The pasta boutique opened in November on Jernbane Allé, a commercial street in the middle of Vanløse. It is a small shop dominated by a large counter and a few wall shelves displaying jars of pasta sauce. A dark blue New Yorker window gives a full view of the pasta machines in the back.

Some locals are surprised that they chose the outskirts of Copenhagen, but their criteria were clear: near a metro, passing traffic and a shop window providing good visibility of the cooling counter where the fresh pasta is displayed. According to the couple, the pinkish beetroot gnocchi, which look a bit like traditional Danish hard candy, bolcher, are especially good at luring people in from the street.

La Fresca import pasta sauce from a supplier in Italy and also make fresh sauces that they sell. Photo: Caroline Hammargren

So far, the turnout has exceeded expectations and many people seem keen to support local business.

“There are a lot of good chains here, but sometimes people just want the local feeling of someone who is not part of a big organisation,” says Francesca.

A bit into our interview, a man swings up the door, only to have to turn around with a slight frown when he finds out that the gnocchi will have to wait, as the shop is closed on Mondays.

“We’ll turn that frown upside down tomorrow,” Fannar Hannesson tells him.

Partners from the start

Running your own business is a lot of work: “it’s true that we don’t have a nine to five, but it’s 24/7,” Francesca Tenze says. Even so, she has always found cooking a sort of stress relief and luckily that did not change when it became a job.

“It’s a lot of fun. Knowing that every day I’m going to be doing what keeps the stress down is a great feeling. Of course, there is way more to running a business. There are the non-fun parts, like the accounting, but the fact that most of the time I’m preparing food that we will serve to people is amazing,” she says.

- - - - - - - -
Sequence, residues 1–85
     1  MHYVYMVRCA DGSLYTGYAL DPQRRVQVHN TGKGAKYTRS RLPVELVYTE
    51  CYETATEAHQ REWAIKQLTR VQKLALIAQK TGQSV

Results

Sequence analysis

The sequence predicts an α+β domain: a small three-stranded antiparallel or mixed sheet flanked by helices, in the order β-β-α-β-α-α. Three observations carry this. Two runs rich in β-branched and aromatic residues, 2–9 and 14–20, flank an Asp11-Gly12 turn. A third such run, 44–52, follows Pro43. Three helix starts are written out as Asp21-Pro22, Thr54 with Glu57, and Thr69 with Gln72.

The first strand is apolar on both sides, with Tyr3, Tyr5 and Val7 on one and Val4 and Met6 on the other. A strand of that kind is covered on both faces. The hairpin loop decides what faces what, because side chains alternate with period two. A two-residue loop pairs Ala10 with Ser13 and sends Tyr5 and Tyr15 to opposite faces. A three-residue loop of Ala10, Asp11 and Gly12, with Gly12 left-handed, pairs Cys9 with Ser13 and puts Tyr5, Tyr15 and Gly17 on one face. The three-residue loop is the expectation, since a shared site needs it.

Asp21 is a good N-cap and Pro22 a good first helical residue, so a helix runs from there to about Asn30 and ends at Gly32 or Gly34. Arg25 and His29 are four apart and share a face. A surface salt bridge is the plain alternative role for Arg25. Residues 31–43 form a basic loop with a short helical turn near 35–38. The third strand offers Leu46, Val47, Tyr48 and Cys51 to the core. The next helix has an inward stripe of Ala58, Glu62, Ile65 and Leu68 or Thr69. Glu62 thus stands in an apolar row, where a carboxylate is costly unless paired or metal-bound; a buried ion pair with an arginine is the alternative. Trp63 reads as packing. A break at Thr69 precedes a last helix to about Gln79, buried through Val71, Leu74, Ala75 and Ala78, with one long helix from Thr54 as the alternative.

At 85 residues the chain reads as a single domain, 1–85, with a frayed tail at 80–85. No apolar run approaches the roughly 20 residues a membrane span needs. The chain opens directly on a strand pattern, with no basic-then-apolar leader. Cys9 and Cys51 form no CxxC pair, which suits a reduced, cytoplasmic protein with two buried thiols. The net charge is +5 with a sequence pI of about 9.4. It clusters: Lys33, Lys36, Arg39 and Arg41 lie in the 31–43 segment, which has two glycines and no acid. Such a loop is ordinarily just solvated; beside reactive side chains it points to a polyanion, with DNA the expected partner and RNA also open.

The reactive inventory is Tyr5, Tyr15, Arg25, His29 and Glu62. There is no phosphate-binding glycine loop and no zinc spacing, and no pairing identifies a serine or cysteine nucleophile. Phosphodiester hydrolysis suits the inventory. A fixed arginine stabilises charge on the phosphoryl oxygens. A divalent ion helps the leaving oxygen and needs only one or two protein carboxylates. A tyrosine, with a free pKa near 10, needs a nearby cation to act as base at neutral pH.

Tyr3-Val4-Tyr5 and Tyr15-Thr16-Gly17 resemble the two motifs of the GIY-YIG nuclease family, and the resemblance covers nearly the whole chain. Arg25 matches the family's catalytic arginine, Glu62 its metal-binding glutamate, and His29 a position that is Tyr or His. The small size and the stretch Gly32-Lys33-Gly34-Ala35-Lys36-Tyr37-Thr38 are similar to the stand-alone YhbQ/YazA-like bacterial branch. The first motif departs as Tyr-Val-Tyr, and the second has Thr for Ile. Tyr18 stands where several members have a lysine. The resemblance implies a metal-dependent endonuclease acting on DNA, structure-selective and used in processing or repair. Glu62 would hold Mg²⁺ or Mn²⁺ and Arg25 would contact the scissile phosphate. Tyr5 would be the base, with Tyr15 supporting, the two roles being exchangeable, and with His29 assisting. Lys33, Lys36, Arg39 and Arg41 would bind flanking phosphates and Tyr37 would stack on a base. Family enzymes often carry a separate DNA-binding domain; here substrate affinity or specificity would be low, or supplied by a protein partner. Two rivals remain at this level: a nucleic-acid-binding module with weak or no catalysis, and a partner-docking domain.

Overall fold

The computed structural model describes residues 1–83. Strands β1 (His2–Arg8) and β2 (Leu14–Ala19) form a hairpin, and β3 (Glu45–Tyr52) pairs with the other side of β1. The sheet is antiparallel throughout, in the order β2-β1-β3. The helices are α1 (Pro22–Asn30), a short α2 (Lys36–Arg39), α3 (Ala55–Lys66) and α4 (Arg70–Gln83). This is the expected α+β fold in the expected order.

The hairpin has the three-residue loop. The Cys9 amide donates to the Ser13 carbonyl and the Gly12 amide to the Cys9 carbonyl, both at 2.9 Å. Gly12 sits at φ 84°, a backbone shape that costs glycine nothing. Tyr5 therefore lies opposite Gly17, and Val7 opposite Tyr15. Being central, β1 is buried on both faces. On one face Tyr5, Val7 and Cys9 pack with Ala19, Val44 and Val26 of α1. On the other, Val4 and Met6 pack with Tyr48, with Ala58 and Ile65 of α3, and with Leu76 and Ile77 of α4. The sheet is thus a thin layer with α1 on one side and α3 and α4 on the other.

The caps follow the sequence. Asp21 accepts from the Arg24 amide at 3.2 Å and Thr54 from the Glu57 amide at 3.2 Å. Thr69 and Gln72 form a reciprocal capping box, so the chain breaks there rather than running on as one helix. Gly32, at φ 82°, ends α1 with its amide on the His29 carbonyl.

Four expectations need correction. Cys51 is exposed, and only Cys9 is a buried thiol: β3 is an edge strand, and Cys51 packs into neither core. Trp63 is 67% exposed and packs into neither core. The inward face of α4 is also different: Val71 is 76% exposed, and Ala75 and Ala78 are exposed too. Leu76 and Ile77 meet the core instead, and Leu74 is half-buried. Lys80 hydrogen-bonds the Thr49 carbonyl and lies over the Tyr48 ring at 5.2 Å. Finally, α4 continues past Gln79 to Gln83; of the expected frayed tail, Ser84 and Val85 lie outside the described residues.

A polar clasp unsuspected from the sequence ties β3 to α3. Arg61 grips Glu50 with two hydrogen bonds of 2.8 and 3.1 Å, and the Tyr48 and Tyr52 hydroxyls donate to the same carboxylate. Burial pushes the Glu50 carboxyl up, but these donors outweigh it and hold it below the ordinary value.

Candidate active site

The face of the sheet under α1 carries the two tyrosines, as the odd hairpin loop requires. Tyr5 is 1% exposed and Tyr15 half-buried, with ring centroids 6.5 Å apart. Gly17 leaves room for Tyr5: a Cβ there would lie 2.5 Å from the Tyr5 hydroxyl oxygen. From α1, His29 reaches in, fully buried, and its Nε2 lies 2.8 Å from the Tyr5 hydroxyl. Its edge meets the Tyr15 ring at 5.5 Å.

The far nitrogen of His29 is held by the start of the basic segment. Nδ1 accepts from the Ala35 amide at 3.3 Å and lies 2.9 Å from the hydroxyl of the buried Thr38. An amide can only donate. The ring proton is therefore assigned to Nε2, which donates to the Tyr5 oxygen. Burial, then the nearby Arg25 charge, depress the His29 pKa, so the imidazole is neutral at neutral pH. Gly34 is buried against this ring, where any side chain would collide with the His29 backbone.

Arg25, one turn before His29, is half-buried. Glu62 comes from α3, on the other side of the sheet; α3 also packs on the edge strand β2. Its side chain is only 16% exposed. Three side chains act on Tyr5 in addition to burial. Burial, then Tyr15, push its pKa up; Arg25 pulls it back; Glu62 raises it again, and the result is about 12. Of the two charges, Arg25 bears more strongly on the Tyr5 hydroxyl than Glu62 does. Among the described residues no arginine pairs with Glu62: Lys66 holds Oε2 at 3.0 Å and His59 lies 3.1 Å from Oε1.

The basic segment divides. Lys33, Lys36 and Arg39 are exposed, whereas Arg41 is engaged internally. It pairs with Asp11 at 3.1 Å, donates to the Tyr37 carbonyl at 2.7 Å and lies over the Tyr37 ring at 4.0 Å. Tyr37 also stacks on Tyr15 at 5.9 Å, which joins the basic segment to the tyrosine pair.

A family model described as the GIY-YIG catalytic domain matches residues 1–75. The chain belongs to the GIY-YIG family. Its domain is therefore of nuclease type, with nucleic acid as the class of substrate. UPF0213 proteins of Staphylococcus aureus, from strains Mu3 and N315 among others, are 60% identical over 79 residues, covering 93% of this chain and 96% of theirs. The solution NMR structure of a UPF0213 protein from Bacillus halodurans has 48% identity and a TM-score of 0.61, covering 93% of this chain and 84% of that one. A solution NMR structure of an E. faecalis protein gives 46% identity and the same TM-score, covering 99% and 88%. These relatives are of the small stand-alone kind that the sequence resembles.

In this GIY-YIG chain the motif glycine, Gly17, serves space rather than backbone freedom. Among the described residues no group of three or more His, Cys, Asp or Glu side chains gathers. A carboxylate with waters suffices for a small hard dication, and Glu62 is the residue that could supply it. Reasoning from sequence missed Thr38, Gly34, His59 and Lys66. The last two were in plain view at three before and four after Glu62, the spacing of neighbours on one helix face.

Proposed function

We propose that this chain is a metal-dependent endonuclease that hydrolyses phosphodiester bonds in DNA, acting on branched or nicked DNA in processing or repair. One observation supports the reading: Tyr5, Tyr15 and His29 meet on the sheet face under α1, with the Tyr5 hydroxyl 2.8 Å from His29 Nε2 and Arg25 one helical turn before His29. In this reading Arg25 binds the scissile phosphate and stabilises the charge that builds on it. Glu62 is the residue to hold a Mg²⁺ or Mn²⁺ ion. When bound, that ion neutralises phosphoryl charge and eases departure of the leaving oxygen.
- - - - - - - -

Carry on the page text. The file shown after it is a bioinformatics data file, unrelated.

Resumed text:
Francesca Tenze has always loved cooking, but never expected to be doing it as a job. Photo: Caroline Hammargren

At eight in the morning, they start making ravioli fillings and sauce, before the stainless-steel machines start churning out pasta of different shapes – nearly any shape you can imagine, they say. Usually, they offer gnocchi, three types of ravioli, and five to seven types of pasta every day, as well as freshly made sauces.

At midday, the shop opens and Fannar Hannesson moves to the front while Francesca Tenze stays in the back to continue production.

They sell around 10 to 15 kilos of pasta per day to in-store customers as well as businesses but hope to scale up.

There was a book that gave a very structured and detailed process for how to build a business plan and we followed that like a bible.

Fannar Hannesson, La Fresca

“The machines can produce way more than what we are producing, without necessarily increasing our effort so we’re working towards trying to increase the volumes,” says Francesca Tenze.

Neither of them had any professional cooking experience. But they returned to Bologna, first for a pasta-making course – a birthday present from Francesca to Fannar – and as plans materialised further, for a course on how to operate the pasta machines.